Posted by: Yosef B. | August 28, 2014

Managing SharePoint List Permissions

I typically don’t do a lot in Microsoft SharePoint, however on my current project I’ve been working on building out a little site that has required learning some new things about it. In particular, I had a main site, with multiple lists on the site. I also have multiple groups of people setup and I wanted to ensure that each group can view the main site, but then can only view their specific list.

So it turns out that if you create a group at the site level than it automatically overrides permissions at the list level, even if you tell a list to not inherit permissions from the parent site. What you have to do is create a group at the site level but do not select any of the permission levels, just create the group without any permissions. This will create the group with “Limited Access” permissions that does not allow them to view or do anything.

Then, you go to the specific list you want to grant the group permissions to and add the group there, granting them permissions directly at the list level. In my case, I gave them “View Only” permissions because it allows users to view lists and look at documents attached to the list.

Finally, in order for users to view the main site (but not any lists below the main site), create and add them to a Visitor’s group that you grant “Read” permissions too. This restricts them to view the site, but not view any lists (besides the specific ones you grant permissions too).

Hope this helps!

The two Microsoft help articles I referenced are:

Remove users and groups from site access – Windows SharePoint Services

Customizing user access to a SharePoint list or library – SharePoint Server

Posted by: Yosef B. | August 6, 2014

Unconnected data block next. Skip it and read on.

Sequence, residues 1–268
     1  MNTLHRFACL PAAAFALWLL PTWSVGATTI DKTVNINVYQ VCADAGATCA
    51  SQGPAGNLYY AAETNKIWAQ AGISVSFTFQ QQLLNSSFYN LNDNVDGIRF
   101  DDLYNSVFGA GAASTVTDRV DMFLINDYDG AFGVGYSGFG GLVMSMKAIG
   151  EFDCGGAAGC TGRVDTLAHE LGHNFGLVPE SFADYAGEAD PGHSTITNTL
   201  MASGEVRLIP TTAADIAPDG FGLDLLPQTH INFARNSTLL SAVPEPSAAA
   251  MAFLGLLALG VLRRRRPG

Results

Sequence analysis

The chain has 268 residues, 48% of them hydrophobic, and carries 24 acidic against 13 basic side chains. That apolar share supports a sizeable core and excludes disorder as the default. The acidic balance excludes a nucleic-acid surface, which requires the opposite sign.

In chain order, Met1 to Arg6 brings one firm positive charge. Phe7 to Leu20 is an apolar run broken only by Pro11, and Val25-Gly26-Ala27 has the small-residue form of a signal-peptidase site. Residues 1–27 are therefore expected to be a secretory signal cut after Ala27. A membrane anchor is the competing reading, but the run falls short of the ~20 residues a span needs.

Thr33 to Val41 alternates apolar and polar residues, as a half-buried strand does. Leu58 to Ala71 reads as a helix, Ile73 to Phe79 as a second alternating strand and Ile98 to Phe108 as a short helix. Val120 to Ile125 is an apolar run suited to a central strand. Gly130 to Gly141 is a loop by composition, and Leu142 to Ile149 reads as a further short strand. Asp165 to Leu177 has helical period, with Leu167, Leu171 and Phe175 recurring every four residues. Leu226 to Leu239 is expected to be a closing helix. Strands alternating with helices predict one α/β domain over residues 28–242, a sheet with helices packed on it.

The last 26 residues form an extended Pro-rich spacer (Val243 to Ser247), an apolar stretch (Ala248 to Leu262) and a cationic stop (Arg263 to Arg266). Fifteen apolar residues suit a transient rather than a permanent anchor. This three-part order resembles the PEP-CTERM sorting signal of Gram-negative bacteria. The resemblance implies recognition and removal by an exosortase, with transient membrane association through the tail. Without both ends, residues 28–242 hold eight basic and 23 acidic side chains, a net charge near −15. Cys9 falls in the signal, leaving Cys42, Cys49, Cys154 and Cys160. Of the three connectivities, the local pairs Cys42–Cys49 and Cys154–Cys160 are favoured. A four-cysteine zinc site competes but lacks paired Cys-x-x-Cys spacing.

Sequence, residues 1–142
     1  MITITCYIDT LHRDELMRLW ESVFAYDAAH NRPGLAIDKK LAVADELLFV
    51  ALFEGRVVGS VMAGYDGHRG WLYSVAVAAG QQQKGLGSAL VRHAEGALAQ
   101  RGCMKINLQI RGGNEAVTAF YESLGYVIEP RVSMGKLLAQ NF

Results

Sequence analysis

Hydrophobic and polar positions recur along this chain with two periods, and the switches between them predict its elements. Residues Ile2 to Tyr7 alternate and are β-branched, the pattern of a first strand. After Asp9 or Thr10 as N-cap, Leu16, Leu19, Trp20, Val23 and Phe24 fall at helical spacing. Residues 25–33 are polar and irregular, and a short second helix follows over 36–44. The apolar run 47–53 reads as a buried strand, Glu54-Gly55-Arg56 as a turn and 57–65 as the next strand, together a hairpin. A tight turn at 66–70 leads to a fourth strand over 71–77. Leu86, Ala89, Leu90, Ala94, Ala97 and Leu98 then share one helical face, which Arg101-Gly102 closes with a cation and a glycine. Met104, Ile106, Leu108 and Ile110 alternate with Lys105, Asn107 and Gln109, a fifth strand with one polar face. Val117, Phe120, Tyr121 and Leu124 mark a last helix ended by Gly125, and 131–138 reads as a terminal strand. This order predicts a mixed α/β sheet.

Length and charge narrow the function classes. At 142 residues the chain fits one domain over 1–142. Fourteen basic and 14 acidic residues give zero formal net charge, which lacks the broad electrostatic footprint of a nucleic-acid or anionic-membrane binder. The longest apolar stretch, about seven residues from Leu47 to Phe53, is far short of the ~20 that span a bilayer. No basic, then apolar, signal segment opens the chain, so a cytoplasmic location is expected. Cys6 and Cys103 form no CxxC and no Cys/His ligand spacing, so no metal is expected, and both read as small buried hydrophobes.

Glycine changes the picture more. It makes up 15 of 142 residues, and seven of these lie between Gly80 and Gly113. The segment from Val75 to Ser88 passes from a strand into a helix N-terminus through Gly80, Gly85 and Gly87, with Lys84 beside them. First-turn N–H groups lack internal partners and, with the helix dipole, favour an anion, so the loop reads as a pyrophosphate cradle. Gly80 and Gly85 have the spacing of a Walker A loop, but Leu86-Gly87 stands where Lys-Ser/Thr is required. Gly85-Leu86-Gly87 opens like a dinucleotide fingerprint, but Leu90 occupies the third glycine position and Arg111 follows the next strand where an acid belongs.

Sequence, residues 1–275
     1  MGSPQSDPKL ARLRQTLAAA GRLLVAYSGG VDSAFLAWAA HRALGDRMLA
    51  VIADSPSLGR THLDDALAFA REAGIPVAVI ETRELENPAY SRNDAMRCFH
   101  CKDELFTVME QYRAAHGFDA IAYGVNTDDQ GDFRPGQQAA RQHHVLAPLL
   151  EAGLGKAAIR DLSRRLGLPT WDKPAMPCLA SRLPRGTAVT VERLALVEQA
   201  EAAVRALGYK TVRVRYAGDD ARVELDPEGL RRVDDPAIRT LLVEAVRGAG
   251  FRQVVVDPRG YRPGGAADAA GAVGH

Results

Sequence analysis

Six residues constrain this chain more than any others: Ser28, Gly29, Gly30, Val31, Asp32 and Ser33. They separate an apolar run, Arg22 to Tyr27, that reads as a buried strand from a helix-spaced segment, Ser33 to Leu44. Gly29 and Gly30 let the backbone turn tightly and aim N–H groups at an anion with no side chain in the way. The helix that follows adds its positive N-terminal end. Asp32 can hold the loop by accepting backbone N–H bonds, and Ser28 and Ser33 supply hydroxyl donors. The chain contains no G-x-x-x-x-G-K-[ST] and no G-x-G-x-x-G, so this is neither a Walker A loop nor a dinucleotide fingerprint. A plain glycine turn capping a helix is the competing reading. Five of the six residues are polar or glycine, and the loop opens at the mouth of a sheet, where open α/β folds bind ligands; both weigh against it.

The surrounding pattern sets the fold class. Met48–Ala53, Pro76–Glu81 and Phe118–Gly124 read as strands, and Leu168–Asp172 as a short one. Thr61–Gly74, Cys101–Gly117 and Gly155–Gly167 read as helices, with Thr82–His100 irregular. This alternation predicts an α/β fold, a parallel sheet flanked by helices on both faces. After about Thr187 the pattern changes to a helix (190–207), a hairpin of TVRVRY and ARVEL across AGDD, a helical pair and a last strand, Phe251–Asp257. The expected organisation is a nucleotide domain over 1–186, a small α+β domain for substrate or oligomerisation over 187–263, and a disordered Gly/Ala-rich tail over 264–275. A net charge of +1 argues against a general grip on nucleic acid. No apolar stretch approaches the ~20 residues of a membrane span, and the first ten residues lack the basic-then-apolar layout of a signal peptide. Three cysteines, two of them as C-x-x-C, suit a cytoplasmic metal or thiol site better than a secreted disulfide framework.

Excel: How to use the INDIRECT function – Example

I received a request for a follow-up post to my last post on how to use the INDIRECT function in Excel. The request was to create a sample table showing a potential setup and use of it.

The best use I’ve found for the INDIRECT function is to build dashboards. You can have all your data stored on one sheet and then use INDIRECT formulas in combination with others to pull over only the data you want in a quick and easy manner.

In the picture below, there are two sample tables. The one on the top left is my “Original Data Table” which could be stored on any tab. The “INDIRECT Table” on the right uses INDIRECT formulas to pull over the data from the first, original table.


Remember that the INDIRECT formula takes in a text string and converts it to a cell reference. In this case, I put my column references as table headers and my row references as row IDs for my INDIRECT table. In this second picture, you can see how I combine the column reference & row reference in my INDIRECT formula to create a formula that is easily copied over to all the other cells in my table.


With properly setup column & row references, I need only write a single INDIRECT formula to pull over all my data in the correct order. I could just have easily made it skip every other row or skip a couple of columns, or even reorder the columns or rows by reordering my column & row references. My INDIRECT formula wouldn’t have to change at all!

Hope this helps! Let me know if you have any further questions.


Posted by: Yosef B. | August 5, 2014

Excel: How to use the INDIRECT function